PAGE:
I used to be one of those book snobs who scoffed at romance novels, but after educating myself on the gendered implications of the genre, I decided I wanted to try to get into at least one.
I won’t lie. Letting go of my old prejudices that were deeply rooted in misogyny was not easy. Try as I might, it still kept a hold of me even as I ventured into romance novels. I just couldn’t get into them.
Two books I read in a month turned out to be grouped as romance on Goodreads. There was War Brides by Helen Bryan (a freebie I picked up ages ago from Amazon’s deal of the day) and Crazy Rich Asians by Kevin Kwan, which I got on audio for a steal with Google Play books and a generous Book Riot promo code. I chose it because, yes, I want to see the movie and support marginalized communities in entertainment.
Truthfully, I didn’t think War Brides was so much a romance novel, because the love stories play so subtly in the background of everything else going on. It mostly focuses on the lives of five women converging in Crowmarsh Priors, England due to the circumstances of World War II. I suppose the true love story in this book was the relationship that developed between these women who didn’t all get along at first, but eventually a friendship was forged in the fires of the war.
Still, the weddings and romances that took place within the book allow this novel to fall into the romance category. Due to the time it takes place, intimacy is described mildly. So, here we have historical fiction with a major focus on getting through a war and female bonds, with a side of romance.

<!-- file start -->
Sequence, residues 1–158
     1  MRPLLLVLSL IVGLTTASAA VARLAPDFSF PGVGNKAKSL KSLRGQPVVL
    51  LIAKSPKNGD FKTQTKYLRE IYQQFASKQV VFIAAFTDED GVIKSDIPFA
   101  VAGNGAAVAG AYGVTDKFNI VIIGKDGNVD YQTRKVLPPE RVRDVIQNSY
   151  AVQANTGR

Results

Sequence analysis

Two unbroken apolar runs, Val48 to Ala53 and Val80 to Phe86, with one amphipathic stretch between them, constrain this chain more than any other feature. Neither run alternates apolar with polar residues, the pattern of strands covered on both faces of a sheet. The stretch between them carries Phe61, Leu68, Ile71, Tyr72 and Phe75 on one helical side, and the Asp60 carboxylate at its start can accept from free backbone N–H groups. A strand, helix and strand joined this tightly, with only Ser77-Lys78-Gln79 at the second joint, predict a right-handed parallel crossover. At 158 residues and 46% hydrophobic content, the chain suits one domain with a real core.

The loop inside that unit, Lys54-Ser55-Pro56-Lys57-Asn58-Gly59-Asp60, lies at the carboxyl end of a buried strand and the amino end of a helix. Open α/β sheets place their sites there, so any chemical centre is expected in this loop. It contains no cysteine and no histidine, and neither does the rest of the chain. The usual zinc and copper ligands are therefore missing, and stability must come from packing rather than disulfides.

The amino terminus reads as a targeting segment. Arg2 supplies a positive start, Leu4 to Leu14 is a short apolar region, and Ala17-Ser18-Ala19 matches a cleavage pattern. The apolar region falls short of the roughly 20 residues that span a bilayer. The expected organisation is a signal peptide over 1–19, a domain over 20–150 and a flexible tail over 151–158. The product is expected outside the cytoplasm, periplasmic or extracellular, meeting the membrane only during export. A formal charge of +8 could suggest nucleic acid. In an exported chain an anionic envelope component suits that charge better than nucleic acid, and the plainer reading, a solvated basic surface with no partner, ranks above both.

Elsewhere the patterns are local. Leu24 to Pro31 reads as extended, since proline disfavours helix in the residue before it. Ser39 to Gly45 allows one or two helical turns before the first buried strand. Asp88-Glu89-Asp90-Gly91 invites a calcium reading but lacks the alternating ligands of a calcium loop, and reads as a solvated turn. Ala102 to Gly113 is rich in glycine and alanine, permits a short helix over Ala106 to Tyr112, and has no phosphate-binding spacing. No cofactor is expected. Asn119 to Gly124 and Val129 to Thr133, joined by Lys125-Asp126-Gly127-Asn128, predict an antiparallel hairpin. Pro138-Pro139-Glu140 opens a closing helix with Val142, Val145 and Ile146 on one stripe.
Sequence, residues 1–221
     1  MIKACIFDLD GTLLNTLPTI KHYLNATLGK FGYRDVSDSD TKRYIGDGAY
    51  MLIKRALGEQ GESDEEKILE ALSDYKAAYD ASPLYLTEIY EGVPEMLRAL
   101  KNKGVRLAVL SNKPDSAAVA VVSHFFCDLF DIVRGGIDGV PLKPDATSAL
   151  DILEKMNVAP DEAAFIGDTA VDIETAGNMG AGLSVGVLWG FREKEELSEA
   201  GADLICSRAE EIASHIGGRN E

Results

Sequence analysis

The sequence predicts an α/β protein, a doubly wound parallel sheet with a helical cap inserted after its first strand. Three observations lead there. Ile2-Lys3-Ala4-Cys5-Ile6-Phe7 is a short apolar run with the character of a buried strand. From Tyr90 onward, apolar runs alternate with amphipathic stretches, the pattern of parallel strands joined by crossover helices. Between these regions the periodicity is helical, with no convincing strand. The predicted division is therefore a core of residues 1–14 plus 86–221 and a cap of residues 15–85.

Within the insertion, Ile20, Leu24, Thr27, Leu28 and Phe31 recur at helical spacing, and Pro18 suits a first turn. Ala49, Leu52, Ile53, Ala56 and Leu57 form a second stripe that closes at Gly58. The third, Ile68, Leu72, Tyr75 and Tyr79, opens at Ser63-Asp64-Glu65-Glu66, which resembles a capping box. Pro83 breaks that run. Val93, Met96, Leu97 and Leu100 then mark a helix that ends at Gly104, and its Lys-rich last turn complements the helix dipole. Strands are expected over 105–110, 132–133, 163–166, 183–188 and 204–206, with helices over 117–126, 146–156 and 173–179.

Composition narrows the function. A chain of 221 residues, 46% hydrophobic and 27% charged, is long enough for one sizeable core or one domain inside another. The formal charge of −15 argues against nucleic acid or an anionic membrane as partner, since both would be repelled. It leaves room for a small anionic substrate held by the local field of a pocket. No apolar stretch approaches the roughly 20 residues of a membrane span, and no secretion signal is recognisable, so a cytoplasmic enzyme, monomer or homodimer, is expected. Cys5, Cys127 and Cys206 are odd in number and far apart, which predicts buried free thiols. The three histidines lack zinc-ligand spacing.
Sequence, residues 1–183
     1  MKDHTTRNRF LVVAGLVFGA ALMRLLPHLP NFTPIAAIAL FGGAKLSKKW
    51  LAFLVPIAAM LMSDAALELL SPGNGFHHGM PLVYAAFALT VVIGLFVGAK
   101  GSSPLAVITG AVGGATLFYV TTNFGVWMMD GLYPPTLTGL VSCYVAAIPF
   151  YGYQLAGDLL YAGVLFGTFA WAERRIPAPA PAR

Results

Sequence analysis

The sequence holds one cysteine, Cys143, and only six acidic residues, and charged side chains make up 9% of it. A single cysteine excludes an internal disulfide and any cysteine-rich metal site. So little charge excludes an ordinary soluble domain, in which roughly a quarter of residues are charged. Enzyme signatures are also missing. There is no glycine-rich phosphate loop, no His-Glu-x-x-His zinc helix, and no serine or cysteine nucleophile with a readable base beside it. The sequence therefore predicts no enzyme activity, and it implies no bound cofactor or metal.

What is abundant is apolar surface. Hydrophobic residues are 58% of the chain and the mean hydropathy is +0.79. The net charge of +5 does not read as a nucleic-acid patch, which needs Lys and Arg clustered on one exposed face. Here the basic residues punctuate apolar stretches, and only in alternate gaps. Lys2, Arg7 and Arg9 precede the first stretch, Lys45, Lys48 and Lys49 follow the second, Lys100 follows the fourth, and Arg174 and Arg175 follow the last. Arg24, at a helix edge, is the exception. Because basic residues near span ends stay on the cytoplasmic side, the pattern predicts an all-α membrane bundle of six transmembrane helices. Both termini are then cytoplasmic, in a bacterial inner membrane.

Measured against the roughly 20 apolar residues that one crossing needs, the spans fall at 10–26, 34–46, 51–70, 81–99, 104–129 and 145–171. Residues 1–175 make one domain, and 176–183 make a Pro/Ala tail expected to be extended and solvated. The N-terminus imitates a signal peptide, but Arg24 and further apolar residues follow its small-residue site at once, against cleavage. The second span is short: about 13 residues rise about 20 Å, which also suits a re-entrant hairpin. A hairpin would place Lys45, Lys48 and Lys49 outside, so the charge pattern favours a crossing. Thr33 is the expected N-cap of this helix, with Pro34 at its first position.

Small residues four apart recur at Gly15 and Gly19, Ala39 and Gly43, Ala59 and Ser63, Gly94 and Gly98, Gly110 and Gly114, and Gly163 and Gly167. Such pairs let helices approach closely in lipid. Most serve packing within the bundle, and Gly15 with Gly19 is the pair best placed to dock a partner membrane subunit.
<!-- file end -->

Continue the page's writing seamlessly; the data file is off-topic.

I really enjoyed this book, as I kept wanting to read it instead of my textbooks for school. I was very much into the story plots of espionage, but I was equally charmed by the love stories between certain characters. I felt like I had an equal investment in the romance and surrounding story.
Crazy Rich Asians is an absolute trip. It’s just so much fun. I come from a Latin-American background, so I can’t say that I totally relate to the culture, but I do see hints of my own family’s quirks within these characters.
There’s an overly-involved matriarch who’s trying to find the dirt on her son’s new girlfriend, while the totally laid-back husband lets her go about her insanity because he knows there’s no fighting it. There’s a down-to-earth cousin who’s more of a sister and offers sage advice. This is definitely an example of “rich people problems,” but with a cultural twist that I find just absolutely enjoyable. Roxane Gay put it best in her review of it when she called it dishy.
With these two books, I think I’ve finally found my stride with the romance genre. I just have to find love stories that take place within other environments that catch my interest, be it historical fiction or just enjoying another cultural perspective.
Has anybody else had this struggle and found a solution that works for them? What are some other romance novels you can recommend? Let me know in the comments!